Toyota Motor Corp. faces opposition from several pension funds over a proposal to create a dual-class share voting structure.
The $193.1 billion California State Teachers’ Retirement System, West Sacramento, and the C$264.4 billion ($212.4 billion) Canada Pension Plan Investment Board, Toronto, plan to vote their respective 3.4 million and 6.1 million Toyota shares against the proposal, according to their proxy voting disclosures. The Florida State Board of Administration and the Ontario Teachers’ Pension Plan also intend to vote against the proposal.
“Toyota’s Model AA class shares would be unlisted and offered only in Japan, thus hindering investors outside of Japan from participating in the share offering,” Anne Sheehan, CalSTRS director of corporate governance, said in a statement Tuesday. “Additionally, the new share class proposed by Toyota would be structured as debt instruments, with guaranteed and defined dividend payments. Yet, these shares would also have voting rights equal to those of common stock that don’t enjoy this equity risk exposure shield.”
Toyota’s proposed AA shares “would also be convertible into common stock in five years at a conversion rate that has yet to be determined and will ultimately be decided upon by the Toyota board of directors,” Ms. Sheehan said. “This raises concerns about potential value dilution to existing common stockowners if a high conversion rate is set.”
CPPIB officials “consider dual-class share structures to be contrary to good governance” and are voting against them, according to its proxy-voting guidelines. “They can entrench management against shareholder pressure for change and undermine the basic principle linking voting to equity ownership on the basis of one-share, one-vote.”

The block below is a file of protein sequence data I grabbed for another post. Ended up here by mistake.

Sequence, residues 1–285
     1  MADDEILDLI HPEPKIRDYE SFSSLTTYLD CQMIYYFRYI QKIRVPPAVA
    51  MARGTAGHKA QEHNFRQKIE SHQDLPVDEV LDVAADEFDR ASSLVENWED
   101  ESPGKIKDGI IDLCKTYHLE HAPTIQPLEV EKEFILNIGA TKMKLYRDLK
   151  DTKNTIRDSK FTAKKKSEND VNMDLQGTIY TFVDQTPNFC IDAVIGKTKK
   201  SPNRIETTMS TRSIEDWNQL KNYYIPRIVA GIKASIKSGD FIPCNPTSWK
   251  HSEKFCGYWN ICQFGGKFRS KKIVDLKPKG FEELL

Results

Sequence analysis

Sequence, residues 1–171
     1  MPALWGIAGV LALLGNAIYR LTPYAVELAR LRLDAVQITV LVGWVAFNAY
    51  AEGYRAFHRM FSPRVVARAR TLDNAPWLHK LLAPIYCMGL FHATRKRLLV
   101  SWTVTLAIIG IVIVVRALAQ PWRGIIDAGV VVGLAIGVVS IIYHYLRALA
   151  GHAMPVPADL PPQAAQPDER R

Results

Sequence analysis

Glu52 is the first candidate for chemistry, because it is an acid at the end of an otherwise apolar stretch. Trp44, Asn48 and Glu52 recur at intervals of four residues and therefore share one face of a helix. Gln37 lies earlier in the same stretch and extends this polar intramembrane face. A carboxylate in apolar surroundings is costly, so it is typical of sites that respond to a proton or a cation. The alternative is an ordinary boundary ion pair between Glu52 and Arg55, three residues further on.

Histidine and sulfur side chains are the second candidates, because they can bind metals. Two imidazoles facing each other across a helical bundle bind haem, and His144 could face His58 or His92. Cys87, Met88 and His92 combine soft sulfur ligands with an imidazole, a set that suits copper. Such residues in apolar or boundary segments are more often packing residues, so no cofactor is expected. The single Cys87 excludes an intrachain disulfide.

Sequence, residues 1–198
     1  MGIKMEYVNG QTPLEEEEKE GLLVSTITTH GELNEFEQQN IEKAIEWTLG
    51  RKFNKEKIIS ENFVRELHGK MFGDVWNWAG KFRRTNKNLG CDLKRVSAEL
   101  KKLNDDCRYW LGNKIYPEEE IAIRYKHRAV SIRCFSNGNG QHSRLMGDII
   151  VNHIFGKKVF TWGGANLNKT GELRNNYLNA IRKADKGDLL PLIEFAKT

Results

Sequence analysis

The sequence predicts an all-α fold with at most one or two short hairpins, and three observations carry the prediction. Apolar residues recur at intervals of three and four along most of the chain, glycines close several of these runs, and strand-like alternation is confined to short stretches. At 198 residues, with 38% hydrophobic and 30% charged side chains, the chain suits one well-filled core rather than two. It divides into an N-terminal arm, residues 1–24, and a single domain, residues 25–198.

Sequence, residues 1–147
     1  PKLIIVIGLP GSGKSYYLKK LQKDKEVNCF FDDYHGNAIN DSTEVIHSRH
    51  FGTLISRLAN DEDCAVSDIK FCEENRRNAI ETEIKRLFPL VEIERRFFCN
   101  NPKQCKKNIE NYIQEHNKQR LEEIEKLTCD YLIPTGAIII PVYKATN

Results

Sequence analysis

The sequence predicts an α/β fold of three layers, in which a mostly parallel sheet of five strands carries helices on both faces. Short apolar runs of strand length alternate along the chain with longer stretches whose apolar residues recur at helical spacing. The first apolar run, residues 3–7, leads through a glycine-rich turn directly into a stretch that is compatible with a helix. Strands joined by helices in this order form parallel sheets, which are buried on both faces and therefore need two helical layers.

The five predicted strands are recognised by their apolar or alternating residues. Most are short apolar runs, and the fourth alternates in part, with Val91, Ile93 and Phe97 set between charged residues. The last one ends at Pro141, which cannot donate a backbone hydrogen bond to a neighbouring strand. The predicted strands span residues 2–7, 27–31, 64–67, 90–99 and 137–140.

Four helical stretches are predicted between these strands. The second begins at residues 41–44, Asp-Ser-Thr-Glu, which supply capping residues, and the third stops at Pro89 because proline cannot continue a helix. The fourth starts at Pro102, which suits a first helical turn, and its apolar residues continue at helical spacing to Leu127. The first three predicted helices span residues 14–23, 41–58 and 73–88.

CalSTRS plans to vote against the election as directors of 15 of the 16 nominees, including Takeshi Uchiyamada, chairman of the board, and Akio Toyoda, president and director, and against an annual bonus for directors, while CPPIB plans to vote in favor of all of the nominees and the bonus.
The $182.8 billion Tallahassee-based FSBA also plans to vote against the re-election of Mr. Uchiyamada, and two other directors, while supporting the rest of the nominees for the board. The C$154.4 billion Toronto-based OTPP will vote against Mr. Uchiyamada’s re-election.
Both FSBA and OTPP support a proposed annual bonus of a total yen 885 million ($7.1 million) for directors.
Aaron S. Fowles, corporate communications manager, Toyota Motor Sales U.S.A. Inc, said in an e-mailed statement: “We understand that there are a variety of different opinions on this topic. From our perspective, we would like to encourage shareholder investment that is aligned with the medium- to long-term nature of the expenses we incur during research and development. Going forward, we will continue to promote dialogue with all of our stakeholders around the world, starting with holders of common and class shares, and reflect the results of that dialogue in our management.”
CalSTRS’ shares were valued at $568.8 million and CPPIB’s shares at $809.8 million as of midday trading Tuesday.
Toyota Motor’s annual meeting is June 16 in Toyota, Japan.